Production by SRU theatre mocks present-day political campaigning

Published by adviser, Author: Alyssa Cirincione - Rocket Contributor, Date: September 27, 2012
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While politics and elections are very serious topics for some, SRU’s theatre department production, “View of the Dome,” is approaching the topic of politics in a whole different light.

“Student’s should expect [‘View of the Dome’] to be very funny,” senior marketing major Nickolaus Edwards, 22, said. “It is a satire making fun of politics, so you should still take it seriously, but also laugh at it. You see how far people take things to get to the top, like the media spinning people’s words.”
Associate professor of theatre Laura Smiley is the director of production for “View of the Dome.” Smiley said they’ve been working since last spring to coincide with the election year.

“It’s a political satire about sex, money and politics, like what goes on behind the scenes,” Smiley explained. “It really criticizes the right and the left things, like sex scandals and how the religious right gets involved.”
Smiley said that one of the things addressed in the production is the mud-slinging in political campaigning. Smiley added that neither the Democratic nor the Republican parties are perfect when it comes to campaign ads or how they handle the competition of elections.

“The pre-show for the show is a bunch of political campaign ads, from Kennedy to Obama and Romney,” Smiley said. “You can see a shift from the gentlemanly way of political ads to now, [and] there are all of these smear ads going on. Let the buyer beware, if I went with the facts instead of just bashing each other or listening to the campaign ads and being sucked in, I would know what the truth really is.”

Smiley said the main approach with tying this year’s election into this production is the media and the effects of it, but with an interactive twist.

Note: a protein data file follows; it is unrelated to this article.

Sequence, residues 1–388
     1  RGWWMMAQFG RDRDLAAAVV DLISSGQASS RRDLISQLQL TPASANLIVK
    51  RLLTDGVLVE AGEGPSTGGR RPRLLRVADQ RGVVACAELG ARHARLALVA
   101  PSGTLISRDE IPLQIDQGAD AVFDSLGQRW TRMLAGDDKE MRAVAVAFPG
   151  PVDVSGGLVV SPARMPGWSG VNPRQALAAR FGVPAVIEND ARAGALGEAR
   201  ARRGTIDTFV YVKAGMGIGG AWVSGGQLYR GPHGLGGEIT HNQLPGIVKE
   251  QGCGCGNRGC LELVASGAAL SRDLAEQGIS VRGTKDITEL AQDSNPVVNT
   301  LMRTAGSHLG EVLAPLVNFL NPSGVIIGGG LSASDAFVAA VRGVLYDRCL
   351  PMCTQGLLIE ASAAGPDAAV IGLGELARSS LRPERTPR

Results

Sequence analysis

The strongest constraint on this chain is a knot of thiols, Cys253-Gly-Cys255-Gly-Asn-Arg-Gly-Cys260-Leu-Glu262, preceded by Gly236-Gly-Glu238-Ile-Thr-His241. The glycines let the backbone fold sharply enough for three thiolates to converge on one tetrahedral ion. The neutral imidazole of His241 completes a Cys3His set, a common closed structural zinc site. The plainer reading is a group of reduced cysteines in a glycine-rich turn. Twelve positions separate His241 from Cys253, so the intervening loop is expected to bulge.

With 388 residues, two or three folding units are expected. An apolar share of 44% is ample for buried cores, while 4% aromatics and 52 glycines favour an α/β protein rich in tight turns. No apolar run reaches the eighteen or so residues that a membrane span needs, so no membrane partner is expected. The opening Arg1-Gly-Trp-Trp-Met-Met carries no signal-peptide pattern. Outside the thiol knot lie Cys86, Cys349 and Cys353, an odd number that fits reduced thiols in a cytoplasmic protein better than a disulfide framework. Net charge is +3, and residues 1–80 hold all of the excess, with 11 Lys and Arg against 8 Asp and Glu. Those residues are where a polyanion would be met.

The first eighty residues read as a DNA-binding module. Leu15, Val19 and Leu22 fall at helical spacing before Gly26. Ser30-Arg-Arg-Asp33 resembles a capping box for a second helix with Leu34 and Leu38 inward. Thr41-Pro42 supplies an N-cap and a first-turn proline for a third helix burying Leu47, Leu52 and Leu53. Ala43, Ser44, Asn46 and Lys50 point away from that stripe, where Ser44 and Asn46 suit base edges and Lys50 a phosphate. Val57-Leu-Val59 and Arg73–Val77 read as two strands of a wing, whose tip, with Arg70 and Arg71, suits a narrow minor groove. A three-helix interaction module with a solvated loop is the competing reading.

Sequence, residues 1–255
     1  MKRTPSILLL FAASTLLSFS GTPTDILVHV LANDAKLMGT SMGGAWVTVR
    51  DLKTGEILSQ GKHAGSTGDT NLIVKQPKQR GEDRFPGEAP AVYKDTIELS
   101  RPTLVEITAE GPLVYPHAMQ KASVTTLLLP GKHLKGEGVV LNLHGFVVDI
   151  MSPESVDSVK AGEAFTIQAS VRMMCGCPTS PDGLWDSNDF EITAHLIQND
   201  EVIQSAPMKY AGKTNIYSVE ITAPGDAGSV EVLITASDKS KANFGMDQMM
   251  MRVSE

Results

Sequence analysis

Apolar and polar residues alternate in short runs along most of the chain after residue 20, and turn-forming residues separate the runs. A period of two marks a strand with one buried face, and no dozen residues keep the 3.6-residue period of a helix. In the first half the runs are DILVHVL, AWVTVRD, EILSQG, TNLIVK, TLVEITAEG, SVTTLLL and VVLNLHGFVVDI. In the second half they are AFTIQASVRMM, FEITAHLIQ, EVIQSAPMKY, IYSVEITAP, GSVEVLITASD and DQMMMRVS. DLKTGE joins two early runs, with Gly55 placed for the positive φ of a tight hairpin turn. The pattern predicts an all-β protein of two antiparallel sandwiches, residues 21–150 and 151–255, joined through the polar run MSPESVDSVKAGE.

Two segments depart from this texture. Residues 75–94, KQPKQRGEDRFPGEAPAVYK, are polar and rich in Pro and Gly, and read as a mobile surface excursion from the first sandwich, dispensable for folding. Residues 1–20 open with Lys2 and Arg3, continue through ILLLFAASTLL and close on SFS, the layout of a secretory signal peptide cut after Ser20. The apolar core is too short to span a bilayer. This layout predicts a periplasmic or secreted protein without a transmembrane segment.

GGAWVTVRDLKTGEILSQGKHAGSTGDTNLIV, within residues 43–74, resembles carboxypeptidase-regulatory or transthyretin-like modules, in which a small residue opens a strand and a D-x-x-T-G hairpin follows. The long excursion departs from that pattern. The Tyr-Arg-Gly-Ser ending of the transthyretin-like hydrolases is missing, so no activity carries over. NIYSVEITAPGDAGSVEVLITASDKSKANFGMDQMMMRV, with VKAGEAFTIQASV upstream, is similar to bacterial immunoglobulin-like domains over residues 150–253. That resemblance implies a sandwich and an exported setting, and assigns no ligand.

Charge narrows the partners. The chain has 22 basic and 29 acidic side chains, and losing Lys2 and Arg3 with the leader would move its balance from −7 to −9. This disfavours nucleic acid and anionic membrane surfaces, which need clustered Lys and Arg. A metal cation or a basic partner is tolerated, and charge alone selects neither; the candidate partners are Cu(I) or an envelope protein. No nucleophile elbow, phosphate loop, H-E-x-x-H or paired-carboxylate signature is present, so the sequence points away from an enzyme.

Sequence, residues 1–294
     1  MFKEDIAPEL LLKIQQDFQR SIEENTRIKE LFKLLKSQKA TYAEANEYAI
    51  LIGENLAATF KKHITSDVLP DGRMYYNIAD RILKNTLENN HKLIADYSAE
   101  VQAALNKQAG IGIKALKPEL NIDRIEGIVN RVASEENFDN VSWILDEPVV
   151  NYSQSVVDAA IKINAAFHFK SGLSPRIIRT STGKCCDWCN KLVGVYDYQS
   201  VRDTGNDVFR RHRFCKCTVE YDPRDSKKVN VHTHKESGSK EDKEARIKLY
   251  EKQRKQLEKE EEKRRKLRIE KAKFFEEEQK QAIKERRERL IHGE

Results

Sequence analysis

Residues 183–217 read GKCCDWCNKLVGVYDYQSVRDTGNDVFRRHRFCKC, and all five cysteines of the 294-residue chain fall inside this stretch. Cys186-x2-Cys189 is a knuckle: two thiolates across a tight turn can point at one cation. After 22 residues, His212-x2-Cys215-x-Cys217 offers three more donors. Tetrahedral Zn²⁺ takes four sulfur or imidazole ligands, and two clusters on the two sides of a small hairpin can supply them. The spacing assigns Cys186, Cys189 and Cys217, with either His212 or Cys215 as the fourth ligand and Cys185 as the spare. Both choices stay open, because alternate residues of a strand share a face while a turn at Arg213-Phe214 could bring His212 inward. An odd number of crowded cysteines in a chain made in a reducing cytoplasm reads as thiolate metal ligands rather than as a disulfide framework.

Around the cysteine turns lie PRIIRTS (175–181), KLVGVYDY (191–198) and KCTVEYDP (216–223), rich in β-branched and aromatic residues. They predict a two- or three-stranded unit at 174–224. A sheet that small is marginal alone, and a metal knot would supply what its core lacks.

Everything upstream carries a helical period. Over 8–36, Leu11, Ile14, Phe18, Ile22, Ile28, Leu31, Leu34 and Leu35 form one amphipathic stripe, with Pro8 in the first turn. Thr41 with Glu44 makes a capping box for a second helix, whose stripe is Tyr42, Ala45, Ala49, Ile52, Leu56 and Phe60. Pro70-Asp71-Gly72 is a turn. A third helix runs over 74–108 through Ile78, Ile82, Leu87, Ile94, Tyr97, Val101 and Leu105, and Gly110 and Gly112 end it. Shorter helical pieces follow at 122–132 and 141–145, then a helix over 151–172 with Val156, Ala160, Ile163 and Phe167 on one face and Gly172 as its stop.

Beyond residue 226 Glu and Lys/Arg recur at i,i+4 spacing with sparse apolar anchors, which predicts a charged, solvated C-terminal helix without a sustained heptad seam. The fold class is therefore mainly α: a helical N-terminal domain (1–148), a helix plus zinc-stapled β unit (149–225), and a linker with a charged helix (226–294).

“There is multi-media involved, [and] we also have live feed cameras that will be filming the candidates on the screen,” Smiley said. “You can see just by the way it’s shown on the screen it’s different in person by the perspective you get.”
Junior psychology major Meg Rodgers described her role as Emma, as a genuine, honest person who loses herself getting sucked into the nasty side of politics.

“My character is more a philosophical thinker than politician,” Rodgers explained. “She’s just trying to hold on to relationships, while the rest are working their way to the top.”
Rodgers, 20, said students get to look forward to laughing a lot during this production as well as having their eyes opened to how ugly the competition of politics can get.

“It is a satire, so it’s really funny in the way that it makes fun of both parties,” Rodgers said.

Edwards introduced his character, Arthur, as one of the main congressmen, who becomes influenced by a powerful broker named Anna Beth, played by junior journalism major Stephanie Skinger, 20.

“He starts out pretty even kill, then once Anna Beth comes into the picture, she influences him a lot, he gets into it deep and he starts acting different,” Edwards said. “He wasn’t sure about running at first, but then he feeds into it and enjoys it.”
When preparing for his role of Arthur, Edwards said he did extensive research on past Presidents to gain more sense of his character.

“I did a lot of YouTube speech watching all the way back to Carter, Kennedy and Clinton to now Obama,” Edwards said. “I focused on the rhetoric – the way they carried themselves as they’re doing their speeches. When you’re delivering a speech, you want to excite people, you want them to feel something. During my speech, we have people back in the wings cheering, so hopefully the audience will pick up on that and join in to make it feel more real.”
Show times for “View of the Dome” are 7:30 p.m. Friday, Sunday and October 1-4, with a matinee showing at 2 p.m. on Sunday. Tickets are $7 for students with ID and $12 for general admission.

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